We've already established the Brewers draft & follow candidates for this spring. To refresh your memory, please visit my previous story:
Without further ado, onto the DFE (draft, follow & evaluate) candidates & how they're faring this spring:
1. Justin Barnes-RHP/3B (15th round selection). Manatee Community College (Florida). 6'3" 205, R/R. Justin hasn't fared as well this year statistically as he did last year, but observers can still see the talent. He has been pitched around quite a bit this season after posting big power numbers last season, so he hasn't seen as many good pitches to hit. Coach Hill has moved Barnes back to SS this year after beginning the year at third base. Barnes also began the year in the starting rotation, but early arm troubles shut him down for a brief time, and now serves as Manatee's closer. At the plate he is hitting .275 with 8 doubles, 3 triples & 4 home runs. Not quite the .347 with 17 home runs he flashed last year, but there is still a good month left this season for him to pad those numbers. On the mound he is 2-1, logging 13 innings while allowing 8 hits & striking out 14 with 3 saves. Again, there is obviously talent there, and it remains to be seen whether or not the Brewers still prefer him as a pitcher. Coach Hill did tell me that it's hard to gauge the Brewers interest, since Fernando Arango has replaced Tom McNamara as the local area scout.
2. Dana Eveland-LHP (16). College of the Canyons (California). 6'1" 215, L/L Dana Eveland has been as steady as ever. Over the course of this season, Dana has appeared in 11 games, 9 starts logging 67.2 innings while allowing 39 runs (only 21 earned for a 2.79 ERA), 56 hits & 18 walks while striking out 85. The amount of unearned runs he has given up should tell you that he has pitched through more outs than he should have, so his numbers should be even better. His pitches were already sound to begin with, and has only improved his stock by touching 95 at one point this spring. He still works comfortably in the high 80 to low 90s while changing speeds & inducing ground balls.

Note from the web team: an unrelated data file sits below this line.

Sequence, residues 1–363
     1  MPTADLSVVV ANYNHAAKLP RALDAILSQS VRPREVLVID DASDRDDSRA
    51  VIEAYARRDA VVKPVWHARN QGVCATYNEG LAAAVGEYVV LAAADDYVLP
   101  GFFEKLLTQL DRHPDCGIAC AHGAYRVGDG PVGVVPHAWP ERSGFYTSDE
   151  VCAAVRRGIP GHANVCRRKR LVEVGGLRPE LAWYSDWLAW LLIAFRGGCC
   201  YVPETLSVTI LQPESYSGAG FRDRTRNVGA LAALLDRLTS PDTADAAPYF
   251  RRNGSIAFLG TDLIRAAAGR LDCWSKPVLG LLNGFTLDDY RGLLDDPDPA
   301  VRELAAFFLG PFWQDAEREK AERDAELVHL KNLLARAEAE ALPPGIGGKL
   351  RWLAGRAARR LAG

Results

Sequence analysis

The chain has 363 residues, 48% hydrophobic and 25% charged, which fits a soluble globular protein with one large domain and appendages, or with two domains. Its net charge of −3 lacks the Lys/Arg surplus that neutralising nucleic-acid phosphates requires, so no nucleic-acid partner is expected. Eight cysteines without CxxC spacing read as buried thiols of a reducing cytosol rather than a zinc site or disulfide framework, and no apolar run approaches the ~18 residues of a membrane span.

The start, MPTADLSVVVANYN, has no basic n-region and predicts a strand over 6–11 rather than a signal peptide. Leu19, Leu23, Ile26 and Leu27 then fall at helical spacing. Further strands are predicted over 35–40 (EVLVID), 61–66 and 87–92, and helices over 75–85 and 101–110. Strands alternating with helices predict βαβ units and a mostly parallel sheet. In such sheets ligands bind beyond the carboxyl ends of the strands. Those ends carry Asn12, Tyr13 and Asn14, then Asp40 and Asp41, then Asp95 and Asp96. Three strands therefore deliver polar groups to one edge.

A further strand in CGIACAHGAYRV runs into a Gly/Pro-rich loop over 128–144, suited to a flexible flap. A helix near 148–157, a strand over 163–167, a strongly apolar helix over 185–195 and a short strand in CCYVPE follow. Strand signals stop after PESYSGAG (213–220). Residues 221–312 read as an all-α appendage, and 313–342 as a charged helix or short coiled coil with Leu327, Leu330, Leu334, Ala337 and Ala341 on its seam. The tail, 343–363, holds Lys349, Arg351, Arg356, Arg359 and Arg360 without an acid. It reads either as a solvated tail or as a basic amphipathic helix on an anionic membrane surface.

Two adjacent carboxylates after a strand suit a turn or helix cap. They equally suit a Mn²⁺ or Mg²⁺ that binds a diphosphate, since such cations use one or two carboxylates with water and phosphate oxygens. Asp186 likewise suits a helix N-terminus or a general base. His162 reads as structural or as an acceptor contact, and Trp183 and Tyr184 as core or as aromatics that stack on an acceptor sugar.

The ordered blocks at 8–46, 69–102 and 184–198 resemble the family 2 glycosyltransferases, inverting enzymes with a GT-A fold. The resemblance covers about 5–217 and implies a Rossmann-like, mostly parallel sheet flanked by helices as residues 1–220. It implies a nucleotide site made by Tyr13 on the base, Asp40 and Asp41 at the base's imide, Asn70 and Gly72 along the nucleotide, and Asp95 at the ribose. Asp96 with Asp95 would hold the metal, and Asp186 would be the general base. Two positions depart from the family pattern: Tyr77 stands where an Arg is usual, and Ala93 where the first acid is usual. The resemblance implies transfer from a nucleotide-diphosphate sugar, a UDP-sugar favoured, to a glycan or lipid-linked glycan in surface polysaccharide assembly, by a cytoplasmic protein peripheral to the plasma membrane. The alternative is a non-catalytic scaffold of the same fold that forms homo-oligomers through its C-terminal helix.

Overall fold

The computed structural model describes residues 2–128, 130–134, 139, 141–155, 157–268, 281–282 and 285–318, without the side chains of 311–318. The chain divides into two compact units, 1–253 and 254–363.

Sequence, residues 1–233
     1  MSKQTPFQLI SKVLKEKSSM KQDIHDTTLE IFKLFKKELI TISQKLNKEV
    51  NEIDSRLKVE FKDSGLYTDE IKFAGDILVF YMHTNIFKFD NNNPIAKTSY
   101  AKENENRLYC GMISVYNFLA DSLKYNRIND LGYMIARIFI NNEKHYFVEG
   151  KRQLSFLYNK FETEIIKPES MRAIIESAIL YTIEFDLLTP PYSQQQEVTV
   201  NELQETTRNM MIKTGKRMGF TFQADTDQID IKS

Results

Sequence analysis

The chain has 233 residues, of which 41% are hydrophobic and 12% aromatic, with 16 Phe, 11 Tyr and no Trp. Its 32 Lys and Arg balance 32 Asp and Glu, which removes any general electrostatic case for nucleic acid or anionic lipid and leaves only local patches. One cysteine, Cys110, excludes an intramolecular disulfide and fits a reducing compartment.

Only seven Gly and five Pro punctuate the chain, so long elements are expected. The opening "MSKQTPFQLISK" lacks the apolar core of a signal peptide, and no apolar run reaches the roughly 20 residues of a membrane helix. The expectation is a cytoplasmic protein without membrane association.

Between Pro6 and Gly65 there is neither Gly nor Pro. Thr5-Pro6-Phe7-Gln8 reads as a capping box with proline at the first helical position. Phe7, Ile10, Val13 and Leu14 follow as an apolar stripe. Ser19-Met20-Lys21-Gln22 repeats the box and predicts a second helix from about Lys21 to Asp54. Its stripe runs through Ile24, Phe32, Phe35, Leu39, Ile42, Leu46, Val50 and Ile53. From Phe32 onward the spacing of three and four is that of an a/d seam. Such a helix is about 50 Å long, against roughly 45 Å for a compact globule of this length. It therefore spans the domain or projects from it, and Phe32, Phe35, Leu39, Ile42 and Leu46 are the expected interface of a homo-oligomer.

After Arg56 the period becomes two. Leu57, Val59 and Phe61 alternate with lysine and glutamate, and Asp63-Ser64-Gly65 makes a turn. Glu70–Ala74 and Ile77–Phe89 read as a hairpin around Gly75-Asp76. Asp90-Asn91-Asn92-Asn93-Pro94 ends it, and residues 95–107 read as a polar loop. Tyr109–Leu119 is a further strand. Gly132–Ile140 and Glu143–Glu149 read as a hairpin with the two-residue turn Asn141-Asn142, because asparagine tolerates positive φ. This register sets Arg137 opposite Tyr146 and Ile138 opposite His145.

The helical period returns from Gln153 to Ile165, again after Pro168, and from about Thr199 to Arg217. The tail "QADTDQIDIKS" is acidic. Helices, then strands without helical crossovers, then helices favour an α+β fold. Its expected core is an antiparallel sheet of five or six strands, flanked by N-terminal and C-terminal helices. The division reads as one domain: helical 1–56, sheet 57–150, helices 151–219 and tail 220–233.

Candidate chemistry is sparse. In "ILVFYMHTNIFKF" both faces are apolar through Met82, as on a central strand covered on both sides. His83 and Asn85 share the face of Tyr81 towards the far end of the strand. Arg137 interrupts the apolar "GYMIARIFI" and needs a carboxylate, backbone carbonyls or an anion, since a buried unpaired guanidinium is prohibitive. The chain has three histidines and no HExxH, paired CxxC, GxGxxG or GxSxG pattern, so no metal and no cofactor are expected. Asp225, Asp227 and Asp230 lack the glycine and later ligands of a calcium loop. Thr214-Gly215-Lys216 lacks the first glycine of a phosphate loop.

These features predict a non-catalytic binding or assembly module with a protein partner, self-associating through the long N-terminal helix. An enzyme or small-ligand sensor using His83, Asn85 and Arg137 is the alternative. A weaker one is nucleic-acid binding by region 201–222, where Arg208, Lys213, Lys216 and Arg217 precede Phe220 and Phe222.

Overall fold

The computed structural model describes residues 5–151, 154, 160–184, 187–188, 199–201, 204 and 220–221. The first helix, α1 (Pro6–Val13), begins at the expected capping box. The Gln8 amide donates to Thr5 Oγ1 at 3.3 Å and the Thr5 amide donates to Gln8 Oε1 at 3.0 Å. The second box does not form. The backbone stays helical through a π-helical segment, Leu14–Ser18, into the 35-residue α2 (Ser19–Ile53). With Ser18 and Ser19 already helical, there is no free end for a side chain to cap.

3. Adam Mannon-corner OF (17). Chandler-Gilbert Community College (Arizona). 6'3" 215 pounds, R/R. The Brewers love Mannon's baseball body, athleticism & overall power potential, but at this point in time he is far from a finished product. Through early April Mannon is hitting .267 in 86 ABs, but has 21 RBIs in that time. If the Brewers like him for his potential alone, they'll likely make a serious effort to get him signed. Otherwise, he could use some more work.